Once again, the internet is abuzz with controversy.
The source of the contention can be found in Pepsi’s most recent controversial commercial. The ad depicts a crowd of young, hip protesters seemingly led by Kendall Jenner, who offers a can of Pepsi to a cop, causing everyone to join hands and celebrate their bold living and perfect eyebrows. The company’s subsequent apology failed to improve their situation, and ultimately they took down the ad.
Amid the backlash, which came in many forms and for many different reasons, a Vice News article satirized Pepsi’s tone-deaf take on protests and police. Even though it doesn’t outright spell it out, the article slams Jenner and Pepsi for trivializing a serious issue that is still at the top of America’s mind and using it to make a profit.
Specifically, Vice takes aim at Pepsi’s key message, “join the conversation,” to which the author responds “What Pepsi have failed to realize here is that authenticity is now marketable, and nobody is really going to go on a protest in order to say almost literally nothing.”
The line “authenticity is now marketable” in particular struck a chord with me. With the meteoric rise of social media and cause-related social marketing, more organizations are crafting campaigns that link their brands to concepts people can can believe in more so than just what they can buy.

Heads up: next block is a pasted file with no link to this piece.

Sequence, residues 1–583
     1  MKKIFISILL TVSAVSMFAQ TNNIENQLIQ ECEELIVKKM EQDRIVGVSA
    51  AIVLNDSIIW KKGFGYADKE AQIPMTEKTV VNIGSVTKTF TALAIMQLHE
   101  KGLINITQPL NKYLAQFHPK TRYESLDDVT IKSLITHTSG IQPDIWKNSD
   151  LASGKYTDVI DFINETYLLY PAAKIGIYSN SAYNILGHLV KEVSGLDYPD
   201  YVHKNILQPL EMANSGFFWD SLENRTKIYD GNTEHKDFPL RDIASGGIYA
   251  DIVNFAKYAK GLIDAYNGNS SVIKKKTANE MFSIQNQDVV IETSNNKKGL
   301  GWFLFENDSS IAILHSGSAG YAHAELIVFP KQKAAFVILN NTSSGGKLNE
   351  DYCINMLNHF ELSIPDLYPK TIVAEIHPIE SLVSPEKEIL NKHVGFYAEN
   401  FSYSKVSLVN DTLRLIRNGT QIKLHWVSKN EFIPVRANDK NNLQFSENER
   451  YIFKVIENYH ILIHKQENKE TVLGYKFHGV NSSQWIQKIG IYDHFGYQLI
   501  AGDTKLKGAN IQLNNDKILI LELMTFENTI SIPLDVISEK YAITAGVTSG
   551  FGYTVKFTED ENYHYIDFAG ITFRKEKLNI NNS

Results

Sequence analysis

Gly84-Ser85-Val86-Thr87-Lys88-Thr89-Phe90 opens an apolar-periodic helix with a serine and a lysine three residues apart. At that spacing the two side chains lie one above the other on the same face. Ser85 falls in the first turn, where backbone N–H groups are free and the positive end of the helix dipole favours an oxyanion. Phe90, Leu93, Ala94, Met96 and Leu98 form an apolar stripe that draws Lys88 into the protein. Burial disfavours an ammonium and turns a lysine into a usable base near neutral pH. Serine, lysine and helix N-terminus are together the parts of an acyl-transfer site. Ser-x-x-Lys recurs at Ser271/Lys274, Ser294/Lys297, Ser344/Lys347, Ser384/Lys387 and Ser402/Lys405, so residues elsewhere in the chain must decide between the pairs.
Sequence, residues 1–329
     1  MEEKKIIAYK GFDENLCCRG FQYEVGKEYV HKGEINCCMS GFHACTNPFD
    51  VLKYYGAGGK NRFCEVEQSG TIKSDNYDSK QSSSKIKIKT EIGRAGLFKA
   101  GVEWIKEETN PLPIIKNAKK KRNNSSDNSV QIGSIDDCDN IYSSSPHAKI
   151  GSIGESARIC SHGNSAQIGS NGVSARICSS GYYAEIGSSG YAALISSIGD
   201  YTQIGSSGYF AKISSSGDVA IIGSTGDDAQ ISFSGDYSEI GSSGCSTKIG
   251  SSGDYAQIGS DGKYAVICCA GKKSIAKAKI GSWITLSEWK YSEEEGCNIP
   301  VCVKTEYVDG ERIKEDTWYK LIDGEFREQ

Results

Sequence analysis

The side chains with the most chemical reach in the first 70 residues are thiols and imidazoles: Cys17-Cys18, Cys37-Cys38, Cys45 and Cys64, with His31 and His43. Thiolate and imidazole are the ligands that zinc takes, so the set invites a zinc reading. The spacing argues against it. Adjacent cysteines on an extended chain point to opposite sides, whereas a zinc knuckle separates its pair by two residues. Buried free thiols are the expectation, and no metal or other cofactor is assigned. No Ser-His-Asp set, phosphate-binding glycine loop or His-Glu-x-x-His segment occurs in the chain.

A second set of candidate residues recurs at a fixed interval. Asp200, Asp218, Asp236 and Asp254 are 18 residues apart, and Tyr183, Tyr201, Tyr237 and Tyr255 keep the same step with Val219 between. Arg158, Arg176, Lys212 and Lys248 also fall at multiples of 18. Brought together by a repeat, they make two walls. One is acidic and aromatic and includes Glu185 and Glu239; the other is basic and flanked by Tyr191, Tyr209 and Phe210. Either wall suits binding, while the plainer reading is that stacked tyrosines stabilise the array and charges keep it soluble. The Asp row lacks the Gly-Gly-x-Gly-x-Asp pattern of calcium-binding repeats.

This new style of socially-conscious consumerism can be crazy beneficial for brands. But if done wrong, it can also massively backfire, as we have seen with Pepsi. The make-or-break point all relies on how your audience perceives your motives.
“Audiences can see through branding messages that do not correlate to behaviour, and PR is your tool for illustrating your commitment to your brand values,” said Jessica Huie of the U.K.-based boutique PR firm JHPR.
Huie absolutely hits the nail on the head. I understand what Pepsi was trying to do with their messaging, but their execution fell flat because the image they tried to paint is so far removed from reality. They failed to convey authenticity in trying to resonate with activist Millennials because they were not being authentic. You can’t just throw in strategically-selected young, diverse people and a celebrity in your commercial and call it a day. If you’re going to make a social message, it needs to be researched in-depth and thoughtfully crafted — even if means not presenting your brand as the solution to a problem.
Curiously, Business Insider chided the company last year for trying too hard to appeal to “hipsters” and young people and ultimately coming off as fake and ineffective. The brand’s previous problems with conveying true authenticity is something they will have to carefully consider in the future.
Until then, they need to understand a key lesson that other brands can benefit from as well: When it comes to authenticity in public relations, you can’t just do it. You have to do it right.
Image from Vanity Fair.